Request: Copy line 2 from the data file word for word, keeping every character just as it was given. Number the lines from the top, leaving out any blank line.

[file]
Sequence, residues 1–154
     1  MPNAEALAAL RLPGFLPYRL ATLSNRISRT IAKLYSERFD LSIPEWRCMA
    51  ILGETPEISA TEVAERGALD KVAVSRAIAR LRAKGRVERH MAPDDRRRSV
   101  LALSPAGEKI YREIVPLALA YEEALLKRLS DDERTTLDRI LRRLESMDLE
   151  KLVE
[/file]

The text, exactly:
     1  MPNAEALAAL RLPGFLPYRL ATLSNRISRT IAKLYSERFD LSIPEWRCMA